T-Mobile and Verizon are both upgrading their networks, but only T-Mobile brags about their upgrade BEFORE the fact. It’s always a waiting game with T-Mobile. Verizon will usually stay quiet as they upgrade, and once the upgrade is rolled out nationwide, THEN they tell us about it.

      Bottom line, I’m happy T-Mobile is giving Verizon serious competition. It makes both companies strive for quality. Over the past 6 months, my signal and performance have been steadily improving with my work-provided Verizon service.

      • Tony Chen

        t mobile is trying to partner up with tv stastions and move them off 600 mhz spectrum, t mobile will be the first to deploy full 600 mhz spectrum nationwidfe, will be the first to deploy 5g network.

      • Tony Chen

        also for every 600 mhz spectrum tower t mobile put up wil have 5g ready spectrum ready, all they need to do is flip it on when its time for nationwide 5g network.

      • Zach Mauch

        I never said that Verizon won’t be upgrading their network two. First, if you read my comment I specifically say that T-Mobile will have the best LTE meaning 4G. For 5G I say “while likely going toe to toe with any other network”.

        Second, Considering the pace at which T-Mobile has caught up this makes complete sense that they would continue and pass them. You said Verizon has been getting better, but that hasn’t kept T-Mobile from catching them. I’ll turn your question around on you and say why would things suddenly change and Verizon match or exceed T-Mobile’s pace?

      • (J²)

        Verizon Wireless and AT&T are number one and two respectively and have been so for a decade in that order and even longer exchanging spots with one another. They don’t need to brag or convince customers that their networks are superior, all they need to do is ensure customers do not leave to bold T-Mobile and Sprint promotions.

        Besides, both Verizon Wireless and AT&T are so big because of their corporate-business users. Businesses are not looking for the best or the cheapest, they are looking for reliability and consistency which isn’t in jeopardy.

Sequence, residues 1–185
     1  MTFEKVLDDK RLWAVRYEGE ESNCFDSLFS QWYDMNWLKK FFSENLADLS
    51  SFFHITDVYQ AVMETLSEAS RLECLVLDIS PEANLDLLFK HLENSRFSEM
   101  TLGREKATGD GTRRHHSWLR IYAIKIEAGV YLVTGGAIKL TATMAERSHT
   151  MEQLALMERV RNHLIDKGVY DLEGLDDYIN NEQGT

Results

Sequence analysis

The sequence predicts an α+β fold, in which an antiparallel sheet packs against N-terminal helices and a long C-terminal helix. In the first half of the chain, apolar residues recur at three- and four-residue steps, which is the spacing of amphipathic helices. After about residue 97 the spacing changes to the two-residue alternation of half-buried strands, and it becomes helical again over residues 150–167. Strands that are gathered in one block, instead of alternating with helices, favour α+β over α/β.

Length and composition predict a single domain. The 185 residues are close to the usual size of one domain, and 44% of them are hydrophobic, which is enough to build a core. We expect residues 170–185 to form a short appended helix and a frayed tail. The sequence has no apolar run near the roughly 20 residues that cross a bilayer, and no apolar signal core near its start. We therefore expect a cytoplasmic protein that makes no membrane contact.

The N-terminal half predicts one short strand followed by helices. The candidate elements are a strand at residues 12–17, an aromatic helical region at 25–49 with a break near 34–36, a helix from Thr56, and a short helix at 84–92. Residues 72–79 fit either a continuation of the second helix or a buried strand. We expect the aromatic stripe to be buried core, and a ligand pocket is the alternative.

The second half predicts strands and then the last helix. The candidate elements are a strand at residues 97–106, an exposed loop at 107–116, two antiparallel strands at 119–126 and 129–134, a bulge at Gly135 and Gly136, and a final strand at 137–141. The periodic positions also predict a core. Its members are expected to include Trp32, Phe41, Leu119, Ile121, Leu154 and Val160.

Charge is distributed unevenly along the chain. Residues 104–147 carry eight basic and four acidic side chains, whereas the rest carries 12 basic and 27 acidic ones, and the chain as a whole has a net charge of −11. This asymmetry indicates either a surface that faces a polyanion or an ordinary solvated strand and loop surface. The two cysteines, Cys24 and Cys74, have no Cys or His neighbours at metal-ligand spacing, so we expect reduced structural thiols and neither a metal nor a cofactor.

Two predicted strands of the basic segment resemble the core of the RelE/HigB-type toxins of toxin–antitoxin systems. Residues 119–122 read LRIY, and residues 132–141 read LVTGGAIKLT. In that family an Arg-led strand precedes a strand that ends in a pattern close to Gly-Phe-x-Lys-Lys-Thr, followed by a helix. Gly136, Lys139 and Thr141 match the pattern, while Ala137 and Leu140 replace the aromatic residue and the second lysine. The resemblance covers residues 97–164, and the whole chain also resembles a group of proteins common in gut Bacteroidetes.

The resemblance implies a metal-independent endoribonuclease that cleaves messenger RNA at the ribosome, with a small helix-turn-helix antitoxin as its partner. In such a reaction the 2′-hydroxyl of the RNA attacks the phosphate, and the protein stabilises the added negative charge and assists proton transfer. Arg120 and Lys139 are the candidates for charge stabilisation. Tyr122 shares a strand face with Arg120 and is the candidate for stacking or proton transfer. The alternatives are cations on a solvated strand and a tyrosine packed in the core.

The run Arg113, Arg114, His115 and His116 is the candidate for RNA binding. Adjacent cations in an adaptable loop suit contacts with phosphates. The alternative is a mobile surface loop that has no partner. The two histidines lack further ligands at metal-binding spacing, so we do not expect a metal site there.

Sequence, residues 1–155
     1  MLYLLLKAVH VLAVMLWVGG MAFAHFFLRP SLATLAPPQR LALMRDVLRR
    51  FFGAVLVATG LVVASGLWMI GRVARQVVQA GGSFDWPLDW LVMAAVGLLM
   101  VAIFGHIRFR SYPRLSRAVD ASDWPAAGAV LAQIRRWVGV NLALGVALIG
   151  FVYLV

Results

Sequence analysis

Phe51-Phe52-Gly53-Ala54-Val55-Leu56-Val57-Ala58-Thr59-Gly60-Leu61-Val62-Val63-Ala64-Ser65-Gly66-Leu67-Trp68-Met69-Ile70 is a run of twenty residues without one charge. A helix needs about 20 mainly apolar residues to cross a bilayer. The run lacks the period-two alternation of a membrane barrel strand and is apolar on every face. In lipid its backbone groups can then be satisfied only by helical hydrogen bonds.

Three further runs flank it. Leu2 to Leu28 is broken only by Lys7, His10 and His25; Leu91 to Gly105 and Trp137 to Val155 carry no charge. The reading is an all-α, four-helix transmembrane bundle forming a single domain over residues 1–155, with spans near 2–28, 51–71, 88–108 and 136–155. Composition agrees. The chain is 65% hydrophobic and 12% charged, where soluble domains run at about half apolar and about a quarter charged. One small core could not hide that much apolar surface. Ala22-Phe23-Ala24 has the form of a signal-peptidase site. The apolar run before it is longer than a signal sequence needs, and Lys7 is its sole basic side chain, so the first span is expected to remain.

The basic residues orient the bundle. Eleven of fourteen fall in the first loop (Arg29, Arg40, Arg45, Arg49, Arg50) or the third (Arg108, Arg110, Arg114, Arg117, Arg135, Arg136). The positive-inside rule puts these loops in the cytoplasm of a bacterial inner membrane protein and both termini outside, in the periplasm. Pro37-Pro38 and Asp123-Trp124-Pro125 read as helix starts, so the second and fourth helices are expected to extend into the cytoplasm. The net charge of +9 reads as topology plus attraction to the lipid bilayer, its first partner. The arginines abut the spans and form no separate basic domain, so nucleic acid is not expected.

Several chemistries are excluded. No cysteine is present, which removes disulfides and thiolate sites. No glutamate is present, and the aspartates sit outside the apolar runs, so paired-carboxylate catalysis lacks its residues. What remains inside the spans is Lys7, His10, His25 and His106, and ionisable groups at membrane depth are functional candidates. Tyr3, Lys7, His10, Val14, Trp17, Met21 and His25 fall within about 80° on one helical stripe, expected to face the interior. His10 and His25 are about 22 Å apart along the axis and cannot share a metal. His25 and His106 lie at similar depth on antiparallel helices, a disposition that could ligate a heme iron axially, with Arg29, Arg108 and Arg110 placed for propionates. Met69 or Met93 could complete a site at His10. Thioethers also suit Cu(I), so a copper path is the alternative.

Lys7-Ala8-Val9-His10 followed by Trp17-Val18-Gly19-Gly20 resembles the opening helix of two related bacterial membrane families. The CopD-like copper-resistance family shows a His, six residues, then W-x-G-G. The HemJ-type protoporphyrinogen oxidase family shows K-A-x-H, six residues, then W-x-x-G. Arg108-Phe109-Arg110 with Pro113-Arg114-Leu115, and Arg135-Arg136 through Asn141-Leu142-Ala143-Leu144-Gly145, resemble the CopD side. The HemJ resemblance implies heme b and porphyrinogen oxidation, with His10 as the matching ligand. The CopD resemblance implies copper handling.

• Jason Caprio

          You make an excellent point. My company which is in the energy business supplies all it’s employees with Verizon smartphones. My previous job which was an IT company, supplies people with AT&T. If T-Mobile can earn a solid reputation of reliability and consistency, more businesses will switch and drive up their subscriber numbers.

        • Sean sorlie

          In customers they are number one but thats it…

      • James Smith

        Absolutely true. You know what Verizon has been doing to continue improving their network like T-Mobile? The exact same things as T-Mobile (256 QAM, 4×4 mimo, Carrier Aggregation, small cells and other forms of densification). Verizon doesn’t need to make a giant marketing campaign about it because their stuff just works.

    • Sharti24

      Yes I agree. blanket cover the US with 600mhz and replace old edge to LTE antennas with the latest and greatest techonlogy would put tmobile on par with V. Also they need to decommission all 3G HSPA by 2020

      • justin l

        3G will be around til 2025 at least

    • Jason

      The company’s future is very bright. Nobody deploys a network like Neville

    • James Smith

      Yeah we heard that about 700 and their network is still crappy indoors and in rural areas.

  • mavricxx

    T-Mobile has improved greatly BUT their indoor reception is horrible! At work I don’t get any signal inside, I have to step out to check my email and messages constantly. I just wish they improved this so although they may catch Verizon, they cannot beat Verizon’s indoor reception

    • Sean sorlie

      You will find the same experience from Verizon customers in another building. Its just bad luck for you. Expect it to change once 600 reaches you.

      • justin l

        It’s possible your employer also has a copper mesh within the building or a band inside. I’ve been to restaurants that do that. As soon as you walk in the signal goes from excellent to non existent. You employer maybe trying to reduce the amount of cell usage in the building